Shanghai (2010)

Shanghai (2010)
  • Time: 105 min
  • Genre: Drama | Mystery | Romance
  • Director: Mikael Håfström
  • Cast: John Cusack, Li Gong, Ken Watanabe, Yun-Fat Chow


An American man returns to a corrupt, Japanese-occupied Shanghai four months before Pearl Harbor and discovers his friend has been killed. While he unravels the mysteries of the death, he falls in love and discovers a much larger secret.

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  • It’s often tough to judge a movie based on its background or its pre-release publicity. Here’s a case in point: What if I recommended to you an American movie which was originally shot seven years ago, took two years to edit and was only released overseas, before sitting on a shelf for another five years until finally becoming available in U.S. theaters, only to receive a 5% critics rating from a leading movie rating website? Doesn’t sound very promising, does it? Okay. What if I then told you that the movie has an international cast of award-winning actors, some of which are past Oscar nominees, and the script was written by another Oscar nominee? At that point, you might express some interest. You also might remind me that a strong pedigree is no guarantee of a strong movie. And you’d be right. In this case, however, the movie in question – “Shanghai” (R, 1:45) is well worth a look – because of the reputation of the cast and filmmakers, and in spite of the film’s long and questionable road to American theaters.

    With stars from the U.S., the U.K., Germany, Japan, Hong Kong and China, a writer from Iran and a director from Sweden, all working on a film set in China, but also involving the British, Americans, Germans and Japanese and taking place early in World War II, it would be hard to imagine a wider international effort in the service of a more international story. In fact, in its story, international flavor and tone, this neo-noir drama-mystery-romance reminds me more than little of 1943’s “Casablanca”.

    It’s 1941. World War II is raging in Europe and in Asia, but the United States is still officially neutral. Japan has swallowed up most of China, with the notable exception of one specific area. Shanghai is an international city which is still technically under the control of the Chinese government. In reality, the city is divided into sectors in which various foreign countries have virtual autonomy, a remnant of decades-old trade treaties imposed upon the Chinese by other more powerful nations. Within this large city, there is a British sector, an American sector, a German sector and a Japanese sector. There’s an uneasy peaceful coexistence among Shanghai’s many nationalities. Tension resulting from various ongoing hostilities and fear of international conflicts spreading hang like a dark cloud over every action and reaction, every conversation, every interaction and every relationship between potential foes.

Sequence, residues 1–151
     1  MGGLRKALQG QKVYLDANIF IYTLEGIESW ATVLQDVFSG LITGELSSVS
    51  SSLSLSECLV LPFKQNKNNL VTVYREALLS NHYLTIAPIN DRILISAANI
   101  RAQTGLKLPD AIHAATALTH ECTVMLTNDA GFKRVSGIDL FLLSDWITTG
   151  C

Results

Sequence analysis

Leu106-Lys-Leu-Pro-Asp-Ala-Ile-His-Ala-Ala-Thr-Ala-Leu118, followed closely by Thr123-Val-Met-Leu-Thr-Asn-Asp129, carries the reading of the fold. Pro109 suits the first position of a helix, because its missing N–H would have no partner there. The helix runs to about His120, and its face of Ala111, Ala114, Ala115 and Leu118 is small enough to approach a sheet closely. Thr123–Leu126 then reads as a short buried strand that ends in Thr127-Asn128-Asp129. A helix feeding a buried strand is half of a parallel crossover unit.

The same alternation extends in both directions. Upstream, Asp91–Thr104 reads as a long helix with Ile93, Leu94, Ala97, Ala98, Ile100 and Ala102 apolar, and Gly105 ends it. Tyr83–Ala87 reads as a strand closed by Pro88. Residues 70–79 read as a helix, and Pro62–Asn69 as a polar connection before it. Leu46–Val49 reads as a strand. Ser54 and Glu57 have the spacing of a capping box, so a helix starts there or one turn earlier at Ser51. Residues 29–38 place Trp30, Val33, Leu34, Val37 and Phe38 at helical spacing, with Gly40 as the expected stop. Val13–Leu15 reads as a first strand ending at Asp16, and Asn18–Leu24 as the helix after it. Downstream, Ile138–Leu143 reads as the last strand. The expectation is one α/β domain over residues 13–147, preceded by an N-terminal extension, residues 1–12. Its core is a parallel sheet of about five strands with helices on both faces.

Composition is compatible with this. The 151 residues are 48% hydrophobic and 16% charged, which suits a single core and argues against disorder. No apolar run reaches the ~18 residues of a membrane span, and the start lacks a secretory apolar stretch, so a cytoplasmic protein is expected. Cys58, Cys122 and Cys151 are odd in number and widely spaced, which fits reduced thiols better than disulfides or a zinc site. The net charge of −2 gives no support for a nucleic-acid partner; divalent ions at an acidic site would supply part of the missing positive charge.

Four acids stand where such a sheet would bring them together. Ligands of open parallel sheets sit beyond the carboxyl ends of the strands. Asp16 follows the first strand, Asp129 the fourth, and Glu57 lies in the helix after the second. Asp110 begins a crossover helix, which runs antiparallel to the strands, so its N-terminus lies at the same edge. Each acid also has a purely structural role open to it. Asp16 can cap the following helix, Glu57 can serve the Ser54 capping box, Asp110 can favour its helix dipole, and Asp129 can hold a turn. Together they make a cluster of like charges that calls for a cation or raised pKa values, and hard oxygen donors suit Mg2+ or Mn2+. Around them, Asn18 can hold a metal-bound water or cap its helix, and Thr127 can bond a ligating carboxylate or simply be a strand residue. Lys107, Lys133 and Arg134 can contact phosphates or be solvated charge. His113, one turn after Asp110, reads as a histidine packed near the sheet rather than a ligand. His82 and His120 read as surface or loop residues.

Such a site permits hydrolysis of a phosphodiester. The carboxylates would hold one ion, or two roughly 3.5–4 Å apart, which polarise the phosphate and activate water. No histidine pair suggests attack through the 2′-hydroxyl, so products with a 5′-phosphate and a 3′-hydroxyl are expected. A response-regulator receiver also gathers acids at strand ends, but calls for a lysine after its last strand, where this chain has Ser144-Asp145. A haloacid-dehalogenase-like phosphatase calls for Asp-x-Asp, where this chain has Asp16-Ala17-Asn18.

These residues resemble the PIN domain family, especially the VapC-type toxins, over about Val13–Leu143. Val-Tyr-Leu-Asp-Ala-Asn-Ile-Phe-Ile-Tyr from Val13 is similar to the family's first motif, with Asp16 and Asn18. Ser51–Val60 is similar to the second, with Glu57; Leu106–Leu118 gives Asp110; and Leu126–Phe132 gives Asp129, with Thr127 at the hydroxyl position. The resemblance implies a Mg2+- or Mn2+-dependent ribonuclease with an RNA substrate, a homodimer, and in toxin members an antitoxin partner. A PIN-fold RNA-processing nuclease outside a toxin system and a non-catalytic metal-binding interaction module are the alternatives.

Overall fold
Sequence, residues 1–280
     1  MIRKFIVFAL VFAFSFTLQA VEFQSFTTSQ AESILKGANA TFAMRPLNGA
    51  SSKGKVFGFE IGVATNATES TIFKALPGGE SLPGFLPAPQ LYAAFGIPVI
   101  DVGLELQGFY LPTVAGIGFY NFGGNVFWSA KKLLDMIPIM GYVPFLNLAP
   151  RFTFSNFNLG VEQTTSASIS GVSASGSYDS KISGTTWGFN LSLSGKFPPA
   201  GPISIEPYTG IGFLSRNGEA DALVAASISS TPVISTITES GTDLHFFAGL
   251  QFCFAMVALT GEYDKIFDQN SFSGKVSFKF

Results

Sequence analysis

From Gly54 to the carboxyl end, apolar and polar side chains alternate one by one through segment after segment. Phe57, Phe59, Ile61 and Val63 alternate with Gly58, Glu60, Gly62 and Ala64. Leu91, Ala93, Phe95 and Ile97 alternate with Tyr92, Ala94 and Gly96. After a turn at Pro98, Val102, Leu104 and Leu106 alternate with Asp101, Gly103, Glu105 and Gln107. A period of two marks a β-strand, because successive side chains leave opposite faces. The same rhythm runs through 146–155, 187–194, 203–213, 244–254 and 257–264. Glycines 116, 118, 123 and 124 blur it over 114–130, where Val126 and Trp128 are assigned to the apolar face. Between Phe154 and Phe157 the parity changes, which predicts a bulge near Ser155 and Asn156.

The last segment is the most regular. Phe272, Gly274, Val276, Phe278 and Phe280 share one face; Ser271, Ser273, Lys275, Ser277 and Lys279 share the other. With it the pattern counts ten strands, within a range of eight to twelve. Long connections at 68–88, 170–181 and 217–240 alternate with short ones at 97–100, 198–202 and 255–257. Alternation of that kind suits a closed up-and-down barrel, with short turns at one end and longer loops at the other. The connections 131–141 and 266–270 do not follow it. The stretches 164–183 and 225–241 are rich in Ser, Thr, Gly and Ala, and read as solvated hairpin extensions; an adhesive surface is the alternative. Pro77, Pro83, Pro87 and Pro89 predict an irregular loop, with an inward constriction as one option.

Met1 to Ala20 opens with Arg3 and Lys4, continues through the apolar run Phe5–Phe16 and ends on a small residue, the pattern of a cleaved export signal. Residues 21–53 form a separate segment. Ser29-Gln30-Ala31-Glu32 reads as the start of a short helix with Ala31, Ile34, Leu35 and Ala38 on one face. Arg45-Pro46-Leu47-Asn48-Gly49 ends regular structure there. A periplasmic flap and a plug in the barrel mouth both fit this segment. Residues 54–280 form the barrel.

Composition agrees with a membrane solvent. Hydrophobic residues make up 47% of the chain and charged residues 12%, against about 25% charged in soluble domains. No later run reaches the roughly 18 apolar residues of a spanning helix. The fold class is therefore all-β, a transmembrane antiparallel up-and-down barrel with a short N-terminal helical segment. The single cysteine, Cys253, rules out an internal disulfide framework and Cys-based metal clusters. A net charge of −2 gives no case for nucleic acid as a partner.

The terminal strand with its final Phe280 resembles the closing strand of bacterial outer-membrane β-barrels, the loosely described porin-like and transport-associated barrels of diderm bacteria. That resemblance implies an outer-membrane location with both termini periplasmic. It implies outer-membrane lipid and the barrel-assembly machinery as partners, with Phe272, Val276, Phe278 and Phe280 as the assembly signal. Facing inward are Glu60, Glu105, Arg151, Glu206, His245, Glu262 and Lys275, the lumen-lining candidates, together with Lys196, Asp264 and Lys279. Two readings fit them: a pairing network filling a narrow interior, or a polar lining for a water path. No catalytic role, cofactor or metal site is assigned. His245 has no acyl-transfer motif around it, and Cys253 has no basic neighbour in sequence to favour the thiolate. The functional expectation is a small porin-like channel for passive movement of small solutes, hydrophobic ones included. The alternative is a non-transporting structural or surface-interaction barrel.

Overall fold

This is the situation in which Naval Intelligence Officer “Paul Soames” finds himself. It’s not his real name. Much like everyone around him, there is more to “Paul” than meets the eye. After a stint working undercover in Berlin while posing as a journalist who is a Nazi sympathizer, he is “transferred” to Shanghai to work with a close friend and fellow Naval Intelligence Officer called Conner (Jeffrey Dean Morgan). As Paul arrives in Shanghai, he learns from his handler (David Morse) that Conner has just been murdered. Paul is determined to find out who killed his friend and why, for reasons that are both personal and professional. Solving this mystery will require him to carefully navigate the increasingly shaky relationships between people who seem to trust each other less and less with each passing day.

    Paul uses friendships that he established back in Berlin, especially with Leni Müller (Franka Potente), as a way of getting to know the major players in Shanghai. Through Mrs. Müller, he meets Japanese army officer Captain Tanaka (Ken Watanabe) as well as a local Chinese crime boss, Anthony Lan-Ting (Chow Yun-Fat), and his wife, Anna (Gong Li), a woman who seems to have more secrets than… well, than China has rice. Paul also makes contact with Conner’s informant, Benedict Wong (Juso Kita) and tries to find Conner’s mistress, Sumiko (Rinko Kikuchi), who disappeared on the night Conner was murdered. Meanwhile, Paul has to maintain his cover with his British newspaper editor (Hugh Bonneville). Paul has a lot to juggle as he retraces Conner’s footsteps to discover the reason for his murder.

    “Shanghai” is a classic neo-noir in every sense of the term. Besides shady characters, an imperfect protagonist, a crime to be solved and various forms of intrigue along the way, its judicious use of narration by Paul, the way the various characters speak to each other, and more than a few surprises and plot twists, should recommend this film to all fans of the genre. It may not have the charm of “Casablanca”, but it has even more action and intrigue. This is the best neo-noir since “L.A. Confidential” back in 1997. “Shanghai” should not be judged by the twists and turns that brought it to American theaters, but by the creative and entertaining twists and turns that the film serves up on screen. “A”

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